EDITORIAL: A compelling story, not an overblown budget, will go a long way with our esteemed judges

While companies busily prepare their entries for the PRWeek Awards, we are assembling an esteemed group of judges. I am delighted to announce that Bill Nielsen, corporate VP at Johnson & Johnson, will serve as this year's chairman of the judges.

While companies busily prepare their entries for the PRWeek Awards, we are assembling an esteemed group of judges. I am delighted to announce that Bill Nielsen, corporate VP at Johnson & Johnson, will serve as this year's chairman of the judges.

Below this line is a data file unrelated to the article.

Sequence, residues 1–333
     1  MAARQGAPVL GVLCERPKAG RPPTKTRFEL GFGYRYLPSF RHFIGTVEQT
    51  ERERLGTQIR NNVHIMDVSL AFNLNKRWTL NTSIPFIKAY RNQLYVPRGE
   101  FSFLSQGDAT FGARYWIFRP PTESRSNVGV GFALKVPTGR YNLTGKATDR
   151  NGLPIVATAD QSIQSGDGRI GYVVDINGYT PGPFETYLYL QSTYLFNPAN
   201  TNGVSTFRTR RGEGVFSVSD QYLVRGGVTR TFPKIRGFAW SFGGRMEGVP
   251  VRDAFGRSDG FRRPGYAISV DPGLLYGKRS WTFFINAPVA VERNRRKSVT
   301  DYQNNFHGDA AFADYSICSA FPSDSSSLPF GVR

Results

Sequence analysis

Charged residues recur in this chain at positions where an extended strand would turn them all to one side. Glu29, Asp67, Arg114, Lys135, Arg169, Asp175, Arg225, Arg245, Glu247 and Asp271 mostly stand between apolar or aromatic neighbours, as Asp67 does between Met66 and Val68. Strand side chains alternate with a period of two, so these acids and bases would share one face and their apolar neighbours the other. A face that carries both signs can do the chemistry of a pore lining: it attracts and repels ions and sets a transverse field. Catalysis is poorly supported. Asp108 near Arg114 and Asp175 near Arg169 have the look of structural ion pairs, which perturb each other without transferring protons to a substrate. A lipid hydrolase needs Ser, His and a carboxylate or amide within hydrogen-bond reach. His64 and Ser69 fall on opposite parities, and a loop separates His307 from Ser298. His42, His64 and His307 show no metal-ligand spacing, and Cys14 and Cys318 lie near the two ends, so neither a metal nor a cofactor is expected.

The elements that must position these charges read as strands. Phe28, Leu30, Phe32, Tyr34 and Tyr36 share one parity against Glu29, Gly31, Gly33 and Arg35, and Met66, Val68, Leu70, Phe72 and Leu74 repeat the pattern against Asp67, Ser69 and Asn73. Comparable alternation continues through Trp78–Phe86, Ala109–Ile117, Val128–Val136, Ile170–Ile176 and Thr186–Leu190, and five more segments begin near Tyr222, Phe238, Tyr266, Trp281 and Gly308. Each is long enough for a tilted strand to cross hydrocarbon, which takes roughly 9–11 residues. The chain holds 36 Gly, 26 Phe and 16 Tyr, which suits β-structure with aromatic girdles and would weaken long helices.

Nielsen was featured in this column last week, following his speech to the Arthur W. Page Society. His leadership in the industry is well known, and his participation is highly motivating to us, as it will no doubt be to those corporations, nonprofits, and agency teams that are choosing their best work to pit against their competitors. One of the most common questions we get is, "How do we win more awards?" Winning entries often have the same elements of a successful new business pitch. Personality counts, creativity is crucial, understanding the audience is necessary, and demonstrable results are the bottom line. Every year, we hear the same whine from types too timid to enter - that only the big, pricey campaigns are favored to win awards. But in truth, judges look at the budget and the results together. Great results on a small budget have just as much traction in the minds of the judges as hugely successful campaigns with large budgets. The point is to meet, and possibly exceed, the goals of the company or client, and prove it with more than just a clip book. PRWeek's Campaign section is a great place to test the mettle of a program. When, as with an awards entry, one is asked to define the strategy, tactics, and results of a campaign, weaknesses can very quickly be revealed. Budgets are required, so the reader can judge whether the team really accomplished what it set out to do, and at what cost. The art of storytelling should not be forgotten when preparing an entry. This is part of remembering your audience - dedicated volunteers, who pour through pages and pages of information about everything from the launch of a new movie to the crisis response of a scandal-plagued corporation. Help them out by telling the story in an engaging way - not neglecting the hard facts, but amplifying them through compelling narrative. For information about entering the awards, e-mail awards@prweek.com, or call 646-638-6021. PR agencies need to watch their want ads At a recent educational forum, I spoke on a panel about getting a job in PR. I was taken aback to hear from a woman who recently graduated from a good school with a finance degree. She said she was discouraged from applying for jobs because all of the entry-level opportunities she saw asked for PR or communications majors. A little research into some current job postings bore this out. Rather shocking, isn't it, considering the amount of lip service this profession pays to the importance of business acumen, particularly in the younger ranks? Clearly it is important for a candidate to have solid writing ability and a communications sensibility. Good employees will be found in the ranks of those with PR degrees as well. But generic help-wanted ads, which focus on type of degree rather than specific skills, may be turning off potentially great hires that more precisely meet the image the PR industry wants to exemplify.

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